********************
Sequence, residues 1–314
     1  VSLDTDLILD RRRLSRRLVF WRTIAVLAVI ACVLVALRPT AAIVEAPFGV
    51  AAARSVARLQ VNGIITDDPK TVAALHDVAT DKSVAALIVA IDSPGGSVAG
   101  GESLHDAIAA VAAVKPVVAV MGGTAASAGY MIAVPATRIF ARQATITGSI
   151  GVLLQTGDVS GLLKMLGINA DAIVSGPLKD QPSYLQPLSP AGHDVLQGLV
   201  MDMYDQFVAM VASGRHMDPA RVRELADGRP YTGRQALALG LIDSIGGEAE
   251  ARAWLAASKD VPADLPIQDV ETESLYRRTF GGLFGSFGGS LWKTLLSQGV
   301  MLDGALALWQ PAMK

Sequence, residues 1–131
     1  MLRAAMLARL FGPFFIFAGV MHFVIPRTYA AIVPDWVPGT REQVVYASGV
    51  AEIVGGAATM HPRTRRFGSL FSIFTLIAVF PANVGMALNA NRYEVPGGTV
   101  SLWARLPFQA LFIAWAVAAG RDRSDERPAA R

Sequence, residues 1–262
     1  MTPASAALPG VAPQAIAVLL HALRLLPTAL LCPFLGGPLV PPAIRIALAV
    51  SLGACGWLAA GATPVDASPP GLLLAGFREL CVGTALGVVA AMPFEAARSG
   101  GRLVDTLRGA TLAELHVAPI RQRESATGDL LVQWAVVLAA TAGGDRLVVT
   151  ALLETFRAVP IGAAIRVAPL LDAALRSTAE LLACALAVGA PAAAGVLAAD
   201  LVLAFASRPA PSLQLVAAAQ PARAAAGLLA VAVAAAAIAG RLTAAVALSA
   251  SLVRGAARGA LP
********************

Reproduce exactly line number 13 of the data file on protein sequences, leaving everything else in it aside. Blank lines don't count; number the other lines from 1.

Sequence, residues 1–262